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Author Topic: Cultural Consonance -- a reading on June 30  (Read 1319 times)

Offline Nevart

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Cultural Consonance -- a reading on June 30
« on: May 30, 2012, 05:12:03 PM »
 Cultural Consonance: A reading of cross cultural literature between Queens and the world
Saturday, June 30
1:30 -- 3:30 pm
Greater Astoria Historical Society
Quinn Building, 35-20 Broadway, 4th Floor, Long Island City, NY 11106
(near the R train at Steinway or the NQ train at Broadway)
with Ahimsa Timoteo Bodhrán, Joseph O. Legaspi, Margarita Soto, and Sweta Srivastava Vikram
$5 suggested donation
http://astorialic.org/

 
Come hear five diverse writers whose work is centered in Queens (or NYC or the U.S.) and another location, as they consider how words can express the experience of traversing worlds.  How can a writer provide cultural immersion for a reader through image and language?  How does memory and history play a part in how we portray setting, location or place?  And why is it important to convey such cross cultural experiences – artistically, socially, politically, or otherwise?

 
Nancy Agabian, Ahimsa Timoteo Bodhrán, Joseph O. Legaspi, Margarita Soto, and Sweta Srivastava Vikram will read fiction, poetry and nonfiction that crosses borders, cultures and ideologies.  They'll also discuss their experience of incorporating history -- personal, cultural, and/or geographical -- as part of the writing process.

 
Writers' Bios:

 
Nancy Agabian is the author of Princess Freak, a collection of poems and performance texts on sexuality and rage, and Me as her again: True Stories of an Armenian Daughter, a memoir on the influence of her family's dark history on her coming-of-age. She is currently working on “The Fear of Large and Small Nations”, a book that documents her relationship with a younger Armenian man, composed of blog posts and journal entries that travel back and forth in time between Yerevan and Queens. Documenting the couple's changes as “foreigners” and “natives” as they married in Armenia and moved to America, she explores the contradictions between political ideals and personal freedom, in countries both large and small, powerful and vulnerable. Nancy teaches writing at Queens College and NYU.  She maintains a website at nancyagabian.com.

 
Ahimsa Timoteo Bodhrán is the author of Antes y después del Bronx: Lenapehoking (New American Press) and the editor of an international queer Indigenous issue of Yellow Medicine Review: A Journal of Indigenous Literature, Art, and Thought. An American Studies Ph.D. candidate at Michigan State University, he has completed a second book of poems, South Bronx Breathing Lessons, and is completing Yerbabuena/Mala yerba, All My Roots Need Rain: mixed-blood poetry & prose and Heart of the Nation: Indigenous Womanisms, Queer People of Color, and Native Sovereignties. His work appears in over a hundred publications in sixteen nations.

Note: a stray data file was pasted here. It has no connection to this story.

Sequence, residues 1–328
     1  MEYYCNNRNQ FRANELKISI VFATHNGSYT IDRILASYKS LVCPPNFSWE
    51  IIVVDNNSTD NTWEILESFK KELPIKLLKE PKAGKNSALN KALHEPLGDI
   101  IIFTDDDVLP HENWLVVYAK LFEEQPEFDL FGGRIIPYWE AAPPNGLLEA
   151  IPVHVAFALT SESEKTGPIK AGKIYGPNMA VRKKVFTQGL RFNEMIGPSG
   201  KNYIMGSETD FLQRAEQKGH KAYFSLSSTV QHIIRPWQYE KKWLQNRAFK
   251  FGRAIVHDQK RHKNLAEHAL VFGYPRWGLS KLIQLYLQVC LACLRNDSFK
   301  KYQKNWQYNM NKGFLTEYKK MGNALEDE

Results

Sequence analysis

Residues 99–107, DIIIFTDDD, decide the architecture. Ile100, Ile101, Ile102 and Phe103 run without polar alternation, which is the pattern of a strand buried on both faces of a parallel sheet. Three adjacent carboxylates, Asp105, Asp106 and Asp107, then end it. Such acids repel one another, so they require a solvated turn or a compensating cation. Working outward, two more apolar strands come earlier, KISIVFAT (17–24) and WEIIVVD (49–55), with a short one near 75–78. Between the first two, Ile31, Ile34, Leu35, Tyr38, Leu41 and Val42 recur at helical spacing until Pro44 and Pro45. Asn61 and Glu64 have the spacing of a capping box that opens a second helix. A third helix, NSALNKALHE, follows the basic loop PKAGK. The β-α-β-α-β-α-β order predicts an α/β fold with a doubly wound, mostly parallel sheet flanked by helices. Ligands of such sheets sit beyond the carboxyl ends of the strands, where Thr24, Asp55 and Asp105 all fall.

Joseph O. Legaspi is the author of Imago (CavanKerry Press), winner of a Global Filipino Literary Award. Recent poems appeared or are forthcoming in From the Fishouse, jubilat, World Literature Today,The Spoon River Poetry Review, Smartish Pace, PEN International and The Gay & Lesbian Review.  A Queens, NY resident, he co-founded Kundiman (www.kundiman.org), a non-profit organization serving Asian American poets. Visit him at www.josepholegaspi.com.

 
Margarita Soto received her Bachelor's in Social Work from Brigham Young University and her Juris Doctor from Rutgers Law School- Newark. She worked as a social worker and then prosecutor investigating and prosecuting child abuse and neglect for 10 years. A Peruvian American, she participated in the “Our Side” workshop for immigrant writers in 2009 and contributed her memoir, “Snowback” to their chapbook, A Home Calls My Name.  As a full time mom to three children, she also manages a family homestead in central Pennsylvania where she and her husband raise pigs, cows, chickens, and grow over 100 varieties of fruits and vegetables. She writes about introducing her children to passionate eating at www.1800foodadventures.com

 
Sweta Srivastava Vikram is an award-winning poet, writer, novelist, author, essayist, columnist, educator, and blogger. Born in India, Sweta spent her formative years between India, North Africa, and the United States. She is the author of four chapbooks of poetry, two collaborative collections of poetry, a novel, a nonfiction book of prose and poems (upcoming in 2012), and a full-length collection of poems (upcoming in 2013).  Sweta has won two Pushcart Prize nominations, an International Poetry Award, and nominations from Best of the Net and the Asian American Members’ Choice Awards 2011.  She will be reading from her Pushcart-nominated chapbook of poems Kaleidoscope: An Asian Journey of Colors which presents the relevance of colors in a Hindu woman's life, and her novel, Perfectly Untraditional, set in India and New York, about a modern day woman and 1st generation immigrant as she unravels the meaning of home, traditions, friendships, relationships, love, and loyalty. Sweta lives in Queens with her husband.  You can follow her on Twitter (@ssvik), Facebook (Words.By.Sweta) or her website (www.swetavikram.com).

 
Books by the authors will be made available for purchase and signing.

 
The Greater Astoria Historical Society lecture hall/exhibit space is the unofficial public meeting space in the Long Island City/Astoria area. It is available for business meetings, seminars, conferences, fundraisers, media events, press conferences, and film shoots.

 
This reading is made possible (in part) by the Queens Council on the Arts and Poets & Writers, Inc., with public funding from the New York City Department of Cultural Affairs.


 

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